Sisters Uncut Reclaim Holloway Prison: Addressing the legacy of state violence
Photo: Bex Wade
"Abolitionist feminism is a response to the carceral feminism of the past. This project will help to create greater insight, and hopefully more action against the prison industrial complex." Angela Davis speaking about the reclamation of Holloway Women’s Prison, 2017
Sisters Uncut reclaimed the now-closed Visitors Centre of Holloway Women’s Prison on the 27th of May. Eight Sisters entered the building via an open window, while 150 protesters rallied outside in solidarity. After a ten hour standoff with 70 police officers - mostly male and mostly white - we secured the building just after midnight on Sunday 28th. Peaceful protesters were kettled and denied access to food, water and toilet facilities. The officers hit their batons against the windows and flashed lights into the building, preventing the Sisters inside from sleeping. This is a well known torture technique. Women and non-binary people putting on a community festival and creating a safe social space were met with brutal state violence.
Since Monday we have been holding workshops ranging from self-care, Know Your Rights and local community campaigns like Reclaim Holloway, Haringey Housing Action and Take Back The City, as well as two free daily meals. The space is open to all self identifying women and non-binary people. Our intention has been to create a welcoming, gentle and safe environment, countering the history of violence experienced by the women and non-binary people who lost their lives and years at the hands of the state.
Sarah Reed, a black woman who was found dead in her Holloway Prison cell in 2016, was a survivor. She was beaten by the Met police after being incarcerated for protecting herself against sexual assault. Whilst in prison she was denied access to vital medication. Sarah Reed never made it out of prison alive. Her story is not an isolated case; the criminal justice systems routinely fails to protect and serve justice to vulnerable women.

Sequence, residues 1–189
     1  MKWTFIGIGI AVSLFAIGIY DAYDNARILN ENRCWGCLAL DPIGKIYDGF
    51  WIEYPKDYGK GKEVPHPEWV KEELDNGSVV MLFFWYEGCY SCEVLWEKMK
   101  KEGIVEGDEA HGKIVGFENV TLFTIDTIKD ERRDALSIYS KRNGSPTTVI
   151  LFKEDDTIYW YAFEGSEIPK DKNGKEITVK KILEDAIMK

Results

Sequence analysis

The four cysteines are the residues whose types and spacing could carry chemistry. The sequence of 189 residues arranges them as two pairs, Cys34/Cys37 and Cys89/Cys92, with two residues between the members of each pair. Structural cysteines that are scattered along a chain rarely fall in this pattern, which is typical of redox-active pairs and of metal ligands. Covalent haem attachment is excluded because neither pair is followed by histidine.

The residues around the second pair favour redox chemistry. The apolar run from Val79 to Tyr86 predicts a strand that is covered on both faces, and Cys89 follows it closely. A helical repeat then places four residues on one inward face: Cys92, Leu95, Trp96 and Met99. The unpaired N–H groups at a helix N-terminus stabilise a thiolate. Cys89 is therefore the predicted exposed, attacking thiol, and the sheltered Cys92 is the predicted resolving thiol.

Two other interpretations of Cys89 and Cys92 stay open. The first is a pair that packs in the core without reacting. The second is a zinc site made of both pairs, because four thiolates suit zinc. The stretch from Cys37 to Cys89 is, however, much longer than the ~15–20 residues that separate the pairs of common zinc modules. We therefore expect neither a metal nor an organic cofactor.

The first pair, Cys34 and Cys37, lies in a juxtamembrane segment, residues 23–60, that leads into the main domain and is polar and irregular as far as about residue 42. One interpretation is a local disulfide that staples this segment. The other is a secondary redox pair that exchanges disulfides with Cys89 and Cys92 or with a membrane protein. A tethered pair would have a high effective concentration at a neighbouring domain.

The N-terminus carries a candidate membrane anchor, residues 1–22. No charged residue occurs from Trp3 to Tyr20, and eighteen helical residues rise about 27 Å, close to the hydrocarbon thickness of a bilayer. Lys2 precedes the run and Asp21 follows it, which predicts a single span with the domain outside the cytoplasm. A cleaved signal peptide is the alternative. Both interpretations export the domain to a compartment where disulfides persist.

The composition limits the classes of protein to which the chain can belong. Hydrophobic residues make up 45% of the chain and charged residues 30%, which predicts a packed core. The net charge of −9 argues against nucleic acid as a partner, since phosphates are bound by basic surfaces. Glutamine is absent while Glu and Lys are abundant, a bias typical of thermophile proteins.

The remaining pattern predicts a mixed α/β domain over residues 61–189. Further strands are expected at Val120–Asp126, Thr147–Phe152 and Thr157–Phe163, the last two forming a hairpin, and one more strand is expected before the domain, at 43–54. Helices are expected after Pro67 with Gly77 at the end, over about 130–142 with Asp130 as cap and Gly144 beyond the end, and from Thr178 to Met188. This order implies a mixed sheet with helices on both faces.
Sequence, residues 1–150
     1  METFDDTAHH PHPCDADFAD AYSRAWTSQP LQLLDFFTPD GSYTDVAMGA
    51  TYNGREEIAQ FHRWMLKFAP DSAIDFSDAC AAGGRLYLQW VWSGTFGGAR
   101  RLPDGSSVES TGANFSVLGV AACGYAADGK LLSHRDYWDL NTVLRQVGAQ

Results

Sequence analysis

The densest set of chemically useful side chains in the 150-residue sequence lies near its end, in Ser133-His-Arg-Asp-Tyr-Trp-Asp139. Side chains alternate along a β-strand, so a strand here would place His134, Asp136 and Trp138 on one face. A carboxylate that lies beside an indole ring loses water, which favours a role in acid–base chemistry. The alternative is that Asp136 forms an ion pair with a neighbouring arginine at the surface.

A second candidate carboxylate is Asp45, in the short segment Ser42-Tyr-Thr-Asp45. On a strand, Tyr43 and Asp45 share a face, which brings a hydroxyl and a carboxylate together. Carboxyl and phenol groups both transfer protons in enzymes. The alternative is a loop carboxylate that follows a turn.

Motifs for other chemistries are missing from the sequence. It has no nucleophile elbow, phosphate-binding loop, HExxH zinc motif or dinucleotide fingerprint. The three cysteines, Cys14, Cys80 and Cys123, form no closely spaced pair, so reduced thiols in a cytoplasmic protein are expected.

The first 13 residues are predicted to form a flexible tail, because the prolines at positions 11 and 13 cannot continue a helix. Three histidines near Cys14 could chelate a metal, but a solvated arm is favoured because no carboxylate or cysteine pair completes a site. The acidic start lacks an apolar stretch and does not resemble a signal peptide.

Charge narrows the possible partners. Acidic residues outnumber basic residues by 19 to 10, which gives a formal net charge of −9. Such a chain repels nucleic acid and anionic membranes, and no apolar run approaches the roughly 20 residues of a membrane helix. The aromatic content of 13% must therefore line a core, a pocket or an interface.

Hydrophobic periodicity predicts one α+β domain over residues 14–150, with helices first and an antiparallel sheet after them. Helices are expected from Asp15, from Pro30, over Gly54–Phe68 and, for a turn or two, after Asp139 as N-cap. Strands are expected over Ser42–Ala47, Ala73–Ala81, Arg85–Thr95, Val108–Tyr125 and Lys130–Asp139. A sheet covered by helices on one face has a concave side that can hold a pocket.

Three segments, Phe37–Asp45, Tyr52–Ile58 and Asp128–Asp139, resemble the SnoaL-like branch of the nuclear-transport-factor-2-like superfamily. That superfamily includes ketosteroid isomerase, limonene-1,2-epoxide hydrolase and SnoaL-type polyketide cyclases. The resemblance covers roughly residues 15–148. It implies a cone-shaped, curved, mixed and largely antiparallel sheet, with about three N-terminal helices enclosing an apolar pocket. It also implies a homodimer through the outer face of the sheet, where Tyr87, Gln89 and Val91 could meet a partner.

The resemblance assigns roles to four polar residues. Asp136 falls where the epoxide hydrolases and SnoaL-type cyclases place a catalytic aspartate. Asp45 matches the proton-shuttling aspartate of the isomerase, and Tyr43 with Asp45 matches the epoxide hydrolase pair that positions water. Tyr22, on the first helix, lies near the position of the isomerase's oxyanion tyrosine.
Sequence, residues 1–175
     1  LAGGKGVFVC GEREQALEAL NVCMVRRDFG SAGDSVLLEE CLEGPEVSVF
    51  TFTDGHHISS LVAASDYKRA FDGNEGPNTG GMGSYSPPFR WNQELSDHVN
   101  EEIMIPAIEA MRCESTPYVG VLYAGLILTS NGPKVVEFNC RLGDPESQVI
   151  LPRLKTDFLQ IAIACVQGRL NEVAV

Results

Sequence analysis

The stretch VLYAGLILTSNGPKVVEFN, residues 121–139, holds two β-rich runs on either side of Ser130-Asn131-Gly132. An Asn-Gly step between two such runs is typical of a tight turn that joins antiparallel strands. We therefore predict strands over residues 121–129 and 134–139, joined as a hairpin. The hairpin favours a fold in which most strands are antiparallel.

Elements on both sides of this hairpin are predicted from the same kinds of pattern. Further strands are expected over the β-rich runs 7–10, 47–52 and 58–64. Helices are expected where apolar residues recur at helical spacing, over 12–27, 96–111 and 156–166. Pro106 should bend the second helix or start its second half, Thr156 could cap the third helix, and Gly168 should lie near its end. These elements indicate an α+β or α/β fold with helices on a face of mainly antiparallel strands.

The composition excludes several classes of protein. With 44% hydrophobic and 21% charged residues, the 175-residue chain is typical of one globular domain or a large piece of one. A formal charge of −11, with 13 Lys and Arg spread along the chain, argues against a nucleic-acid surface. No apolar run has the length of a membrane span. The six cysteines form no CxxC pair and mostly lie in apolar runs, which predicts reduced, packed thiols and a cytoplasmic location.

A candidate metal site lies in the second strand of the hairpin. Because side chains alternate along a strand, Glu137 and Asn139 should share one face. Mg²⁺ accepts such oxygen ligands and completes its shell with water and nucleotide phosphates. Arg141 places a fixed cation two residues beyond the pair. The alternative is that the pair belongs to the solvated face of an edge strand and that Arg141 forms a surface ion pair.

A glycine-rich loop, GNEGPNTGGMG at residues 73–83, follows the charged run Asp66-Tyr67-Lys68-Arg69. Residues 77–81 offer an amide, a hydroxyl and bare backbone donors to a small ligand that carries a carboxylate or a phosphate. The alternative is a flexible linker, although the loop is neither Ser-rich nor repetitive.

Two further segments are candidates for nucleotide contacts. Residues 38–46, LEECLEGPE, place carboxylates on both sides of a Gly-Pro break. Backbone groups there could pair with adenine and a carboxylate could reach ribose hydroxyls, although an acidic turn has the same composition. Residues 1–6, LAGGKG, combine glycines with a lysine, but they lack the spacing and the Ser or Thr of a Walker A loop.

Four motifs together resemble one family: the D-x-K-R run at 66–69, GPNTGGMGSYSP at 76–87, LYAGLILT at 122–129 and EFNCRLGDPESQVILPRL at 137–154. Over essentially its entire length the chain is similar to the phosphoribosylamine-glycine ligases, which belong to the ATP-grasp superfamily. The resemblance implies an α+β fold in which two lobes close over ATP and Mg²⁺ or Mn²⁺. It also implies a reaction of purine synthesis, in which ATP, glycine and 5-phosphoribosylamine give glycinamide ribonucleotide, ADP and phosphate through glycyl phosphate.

Holloway was closed in 2016, as a result 600 women have been moved to overcrowded HMP Downview and HMP Bronzefield in Surrey, separating them from their friends, family and support networks. The government’s investment in nine new mega prisons to be built in England and Wales demonstrates their flagrant disregard for the social problems faced by vulnerable women and non-binary people. 1 in 3 women and 60% of BME women leave prison homeless. 81% of these women and non-binary people are convicted for nonviolent crimes, 46% report experience of domestic violence and 53% report having experienced abuse as a child. The real figures are undoubtedly much higher. The state is clearly failing vulnerable women and non-binary people, we demand support not sentences.
Rather than criminalising vulnerability, we need a long term secure funding plan for survivors of domestic violence. Since 2010, ideological Tory cuts have plunged domestic violence services into a state of crisis.
Women and ex-offenders in North East London do not have access to specialist services and support. There are only 27 refuge spaces in Islington borough; survivors need spaces to heal and seek safety from domestic violence. They do not need to be priced out of their own communities by the inevitable rent increases caused by a luxury development. There are 20,000 households on the housing waiting list in Islington.
4 in 5 BME women were turned away from refuges last year, while women and non-binary people without recourse to public funds are left destitute. How can they leave when they have nowhere to go? Life saving public services are in crisis. In reclaiming Holloway prison we are standing in solidarity with the local community, the women and non binary people who were forced here at the hands of the state and the thousands of survivors of domestic violence who cannot vote.
Written by Hatel, Mick, Rosa and Katerina from North London Sisters Uncut.
Sisters Uncut is a feminist direct action group protesting cuts to domestic violence services.
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